Thursday, October 26, 2006
Interesting for sure, but Professor Richard Dawkins is, I must say, a bit of an arrogant toss! He complains that religious people are ignorant of the wonders of science, but at the same time he shows total ignorance of what religion actually is to most people - a moral framework within which people are accountable even for private actions, a way of life, a community structure, all things I'd say are overall beneficial for society at least to the extent that the existence or non-existence of a higher being not be factored into any scientific research. And the two can most certainly co-exist within their own spheres - science is really good at the "hows" and the "whens" but absolutely sucks at the "whys." Religion has the "whys" pretty much nailed. "For God so loved the world that he sent his only begotten son to do some stuff or other" - that'll do for why we exist, why we bother getting up in the morning, and why we shouldn't covet our respective neighbour's Oxen. Now lets let science figure out exactly how it all happened.
Saying that because of certain Christian beliefs (that are not necessarily central to the faith system). science and religion cannot co-exist is to take one extreme aspect of one particular religion and have that representative of all religion forever and ever amen. You could do the same with science. I've met scientists that laugh and walk out the room the moment you propose something that goes against their scientific beliefs, long before you even have a chance to show them your evidence. By this same logic, surely science is as flawed as religion, but to make such a claim would be deemed extremely biased. Touché!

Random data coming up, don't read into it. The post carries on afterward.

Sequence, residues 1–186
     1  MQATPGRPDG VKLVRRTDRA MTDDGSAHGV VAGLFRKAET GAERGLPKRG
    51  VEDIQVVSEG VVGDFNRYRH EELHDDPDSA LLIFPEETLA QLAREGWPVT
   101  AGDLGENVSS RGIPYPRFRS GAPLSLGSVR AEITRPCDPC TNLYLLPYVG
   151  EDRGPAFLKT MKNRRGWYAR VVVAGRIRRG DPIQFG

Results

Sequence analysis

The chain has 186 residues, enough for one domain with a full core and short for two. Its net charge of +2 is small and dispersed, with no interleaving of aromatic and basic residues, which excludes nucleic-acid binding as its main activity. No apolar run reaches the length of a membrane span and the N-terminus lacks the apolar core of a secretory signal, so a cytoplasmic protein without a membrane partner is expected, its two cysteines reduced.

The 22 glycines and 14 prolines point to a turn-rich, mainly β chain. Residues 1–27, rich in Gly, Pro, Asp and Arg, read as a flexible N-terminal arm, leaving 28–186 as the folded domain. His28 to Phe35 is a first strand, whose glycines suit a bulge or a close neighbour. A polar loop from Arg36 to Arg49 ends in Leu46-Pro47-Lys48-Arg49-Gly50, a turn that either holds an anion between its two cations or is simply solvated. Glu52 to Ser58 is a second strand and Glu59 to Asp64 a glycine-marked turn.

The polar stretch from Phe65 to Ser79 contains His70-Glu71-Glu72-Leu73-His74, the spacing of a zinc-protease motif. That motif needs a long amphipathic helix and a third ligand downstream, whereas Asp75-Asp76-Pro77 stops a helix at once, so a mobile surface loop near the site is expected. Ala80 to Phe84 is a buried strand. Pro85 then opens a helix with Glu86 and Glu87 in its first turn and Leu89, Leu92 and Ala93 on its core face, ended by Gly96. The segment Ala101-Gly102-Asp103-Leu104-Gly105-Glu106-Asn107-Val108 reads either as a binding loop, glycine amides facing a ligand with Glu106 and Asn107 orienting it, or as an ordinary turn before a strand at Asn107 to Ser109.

To take it further, he goes on about how stupid people in general are that we don't all just accept evolution as fact. What he fails to realise is that these so called mountains of evidence and over a century of research are just not within the grasp of regular people. I haven't seen it, and what I've read about evolution is way beyond my comprehension. So all I can do really is to take some scientist's word for it, fully aware that in another 20 years they'll be saying something different.
And why should I believe what some scientist tells me? Because he's a scientist? Maybe there is evidence and research to back up his claim that I could research myself if I wished to, but what do you think my reluctance to bother says about how important the topic is to me? And if it's of so little importance to me personally, then what does it matter what I believe - it's whatever gets me to sleep at night.
I'm not religious, but I do recognise that at some level religion serves a useful social and personal purpose. This is why scientists are never much fun to be around. I make a point of never inviting religious fruits, sumo wrestlers or scientists to my house for exactly that reason (though lawyers are fine, providing they keep their lawyering to themselves and don't force it down my throat). At the end of the day though, it really boils down to whether you belive that the entire history of the universe to the point we currently stand at came about by chance, or whether some kind of superior intelligence had a hand in things to a greater or lesser extent at some point throughout the precedings. Science will never prove either of these, and each is as utterly preposterous as the other. So you're mad to even bother thinking about it.